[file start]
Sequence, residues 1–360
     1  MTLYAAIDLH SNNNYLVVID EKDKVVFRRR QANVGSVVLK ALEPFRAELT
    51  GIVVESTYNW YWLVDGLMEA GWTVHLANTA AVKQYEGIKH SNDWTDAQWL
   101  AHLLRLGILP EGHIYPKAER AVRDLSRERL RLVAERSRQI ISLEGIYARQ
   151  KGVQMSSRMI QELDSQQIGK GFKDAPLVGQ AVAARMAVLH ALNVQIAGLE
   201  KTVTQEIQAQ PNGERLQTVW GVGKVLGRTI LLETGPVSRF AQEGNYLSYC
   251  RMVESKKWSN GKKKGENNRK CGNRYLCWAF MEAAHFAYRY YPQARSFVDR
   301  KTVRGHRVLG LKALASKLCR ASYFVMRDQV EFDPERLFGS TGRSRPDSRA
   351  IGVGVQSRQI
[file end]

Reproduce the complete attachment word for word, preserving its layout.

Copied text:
Sequence, residues 1–360
     1  MTLYAAIDLH SNNNYLVVID EKDKVVFRRR QANVGSVVLK ALEPFRAELT
    51  GIVVESTYNW YWLVDGLMEA GWTVHLANTA AVKQYEGIKH SNDWTDAQWL
   101  AHLLRLGILP EGHIYPKAER AVRDLSRERL RLVAERSRQI ISLEGIYARQ
   151  KGVQMSSRMI QELDSQQIGK GFKDAPLVGQ AVAARMAVLH ALNVQIAGLE
   201  KTVTQEIQAQ PNGERLQTVW GVGKVLGRTI LLETGPVSRF AQEGNYLSYC
   251  RMVESKKWSN GKKKGENNRK CGNRYLCWAF MEAAHFAYRY YPQARSFVDR
   301  KTVRGHRVLG LKALASKLCR ASYFVMRDQV EFDPERLFGS TGRSRPDSRA
   351  IGVGVQSRQI